Friday, May 13, 2016

LIZ SMITH: Eagerly Awaiting

Love Song — Madonna will be paying tribute to Prince at the Billboard Music Awards on May 22nd.
by Liz Smith

"Grace and Frankie" Soars in Season Two ... Eagerly Awaiting Woody's "Cafe Society" ... Anxiously Awaiting Madonna's Tribute to Prince.

“NO, NO, don’t do that. Pull out one, and the whole strip comes off.  Then my entire face begins to unravel!”

That was Jane Fonda to Lily Tomlin in a second season episode of the Netflix series, “Grace and Frankie.” (Tomlin wanted to pull out one of Fonda’s eyelashes to make a wish.)

I’ve binge-watched half of the new season, and as much as I came to enjoy “G and F” last year, everything has gelled now that all aboard are sophomores.
Jane Fonda to Lily Tomlin as Grace and Frankie.
Tomlin and Fonda, as women left by their husbands — men who were secretly gay, carrying on an affair for twenty years — and Sam Waterston and Martin Sheen as those men, now fully inhabit their roles.

The scenario doesn’t seem as sitcom-like as it did at first, the writing has improved, and so has the chemistry between the four stars. It’s likely nothing more than relaxing — the first season of any show looks drastically different down the line — sometimes the first several years are unrecognizable in retrospect.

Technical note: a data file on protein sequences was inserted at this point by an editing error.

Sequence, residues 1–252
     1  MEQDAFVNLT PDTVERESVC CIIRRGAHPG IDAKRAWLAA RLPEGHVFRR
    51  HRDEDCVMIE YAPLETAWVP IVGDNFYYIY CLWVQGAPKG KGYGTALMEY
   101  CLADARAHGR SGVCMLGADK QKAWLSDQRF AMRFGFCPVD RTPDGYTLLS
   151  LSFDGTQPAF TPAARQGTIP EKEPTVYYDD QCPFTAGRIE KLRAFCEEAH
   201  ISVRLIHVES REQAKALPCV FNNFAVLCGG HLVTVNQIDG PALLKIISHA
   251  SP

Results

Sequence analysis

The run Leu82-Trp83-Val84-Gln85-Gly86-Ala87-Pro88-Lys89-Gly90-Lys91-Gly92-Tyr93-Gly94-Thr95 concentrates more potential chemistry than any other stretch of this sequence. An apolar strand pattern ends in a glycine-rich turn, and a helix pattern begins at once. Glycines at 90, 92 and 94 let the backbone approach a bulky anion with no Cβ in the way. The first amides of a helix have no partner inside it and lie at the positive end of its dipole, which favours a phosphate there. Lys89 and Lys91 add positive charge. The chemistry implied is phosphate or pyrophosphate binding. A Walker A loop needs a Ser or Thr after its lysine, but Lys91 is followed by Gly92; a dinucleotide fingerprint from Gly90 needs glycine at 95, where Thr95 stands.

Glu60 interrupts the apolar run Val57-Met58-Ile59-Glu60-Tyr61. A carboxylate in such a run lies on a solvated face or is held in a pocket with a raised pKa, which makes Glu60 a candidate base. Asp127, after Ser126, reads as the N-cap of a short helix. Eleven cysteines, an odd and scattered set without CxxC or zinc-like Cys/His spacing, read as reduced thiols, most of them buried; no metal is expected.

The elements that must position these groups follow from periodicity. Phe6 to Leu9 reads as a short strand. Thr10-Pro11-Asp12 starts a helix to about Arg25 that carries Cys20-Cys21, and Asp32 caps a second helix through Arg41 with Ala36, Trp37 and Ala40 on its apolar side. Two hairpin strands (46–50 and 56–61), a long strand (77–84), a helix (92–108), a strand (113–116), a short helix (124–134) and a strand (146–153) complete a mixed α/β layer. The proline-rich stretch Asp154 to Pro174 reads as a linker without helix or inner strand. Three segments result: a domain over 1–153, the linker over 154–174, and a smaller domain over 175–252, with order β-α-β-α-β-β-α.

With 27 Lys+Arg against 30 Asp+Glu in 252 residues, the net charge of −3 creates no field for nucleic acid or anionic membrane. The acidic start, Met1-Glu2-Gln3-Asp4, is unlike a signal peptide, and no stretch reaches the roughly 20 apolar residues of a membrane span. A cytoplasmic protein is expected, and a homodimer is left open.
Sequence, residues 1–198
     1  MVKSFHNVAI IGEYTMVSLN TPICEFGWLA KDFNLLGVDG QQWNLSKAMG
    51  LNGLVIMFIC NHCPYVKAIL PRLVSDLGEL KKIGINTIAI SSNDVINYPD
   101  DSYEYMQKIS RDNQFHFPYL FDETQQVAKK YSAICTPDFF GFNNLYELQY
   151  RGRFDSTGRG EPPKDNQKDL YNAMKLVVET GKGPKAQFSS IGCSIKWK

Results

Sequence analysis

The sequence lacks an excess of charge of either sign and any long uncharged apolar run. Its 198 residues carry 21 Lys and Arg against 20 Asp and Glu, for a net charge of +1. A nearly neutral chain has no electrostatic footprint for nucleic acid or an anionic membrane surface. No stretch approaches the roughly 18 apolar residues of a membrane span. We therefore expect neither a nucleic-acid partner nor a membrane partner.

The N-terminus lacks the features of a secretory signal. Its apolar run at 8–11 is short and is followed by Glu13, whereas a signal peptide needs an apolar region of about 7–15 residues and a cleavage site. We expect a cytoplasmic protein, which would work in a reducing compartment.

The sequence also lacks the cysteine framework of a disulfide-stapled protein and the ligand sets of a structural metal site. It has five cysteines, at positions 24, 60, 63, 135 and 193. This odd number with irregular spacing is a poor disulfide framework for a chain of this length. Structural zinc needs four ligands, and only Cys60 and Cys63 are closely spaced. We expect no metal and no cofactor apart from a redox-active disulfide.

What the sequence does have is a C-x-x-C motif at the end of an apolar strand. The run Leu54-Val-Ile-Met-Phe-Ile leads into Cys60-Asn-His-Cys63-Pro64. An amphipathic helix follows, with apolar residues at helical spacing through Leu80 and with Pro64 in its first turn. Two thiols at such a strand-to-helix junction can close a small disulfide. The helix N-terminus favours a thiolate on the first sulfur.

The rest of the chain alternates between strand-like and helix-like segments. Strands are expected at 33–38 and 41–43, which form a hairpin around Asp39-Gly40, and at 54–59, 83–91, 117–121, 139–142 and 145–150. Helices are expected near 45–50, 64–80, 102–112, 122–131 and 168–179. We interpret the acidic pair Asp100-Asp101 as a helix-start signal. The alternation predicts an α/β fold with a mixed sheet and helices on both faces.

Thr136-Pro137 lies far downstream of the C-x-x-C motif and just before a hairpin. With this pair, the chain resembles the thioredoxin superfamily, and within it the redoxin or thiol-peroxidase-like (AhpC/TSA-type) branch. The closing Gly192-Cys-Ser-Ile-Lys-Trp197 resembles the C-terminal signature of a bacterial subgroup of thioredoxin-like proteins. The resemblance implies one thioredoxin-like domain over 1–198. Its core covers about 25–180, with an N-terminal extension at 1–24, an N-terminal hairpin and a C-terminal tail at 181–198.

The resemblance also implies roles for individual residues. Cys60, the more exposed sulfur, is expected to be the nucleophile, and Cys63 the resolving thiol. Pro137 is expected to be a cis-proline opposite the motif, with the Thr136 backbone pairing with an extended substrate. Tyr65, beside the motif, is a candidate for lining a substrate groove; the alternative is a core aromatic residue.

Sam Waterston and Martin Sheen fully inhabit their roles.
“Grace and Frankie” seems to have hit its stride in year two.  It is deeply encouraging, moving, even, to watch a show in which none of the major protagonists is a day under 70, working a plotline that could make them appear ridiculous, but in fact does the exact opposite. There is such good humor and wisdom; it’s raucous and gentle, sentimental and stinging, obvious but not eye-rollingly so. (I won’t spoil anything, but there is a wedding episode that touches every base, with all four stars absolutely superb.)  It is empowering on many levels.

Great help comes from the supporting cast: Brooklyn Decker, Ethan Embry, June Diane Raphael, and Baron Vaughn. They have all improved as well! (This year we also get nice cameo turns by the likes of Rita Moreno, Swoosie Kurtz, Marsha Mason, etc.)
June Diane Raphael and Baron Vaughn.
Ethan Embry with Brooklyn Decker.
Without negating the eternal genius of Lily Tomlin, I have to give the deepest bow to Jane Fonda, who has never appeared on episodic weekly TV previously (Well, there was HBO’s “The Newsroom” but she was not on every episode or the focus of the show.)

Fonda is on fire, there’s no other way to describe her portrayal as Grace, the slowly unwinding, uptight, martini-loving, well-to-do woman knocked sideways by her husband’s betrayal, now learning to really like indeed, love, the pot-smoking, hippie-dippy Frankie, whom she has basically merely tolerated for years.  Every caustic barb, each exasperated sigh, the sudden bursts of deep emotion when reality hits — she is superb. 
I was impressed with the way “Grace and Frankie” pulled itself together by the end of its first season.  But I never expected the show to evolve as much as it has.

Thank you, Netflix! I add my boundless admiration and appreciation to Lily, Jane, Sam and Martin. Great actors and great role models, on and off-screen.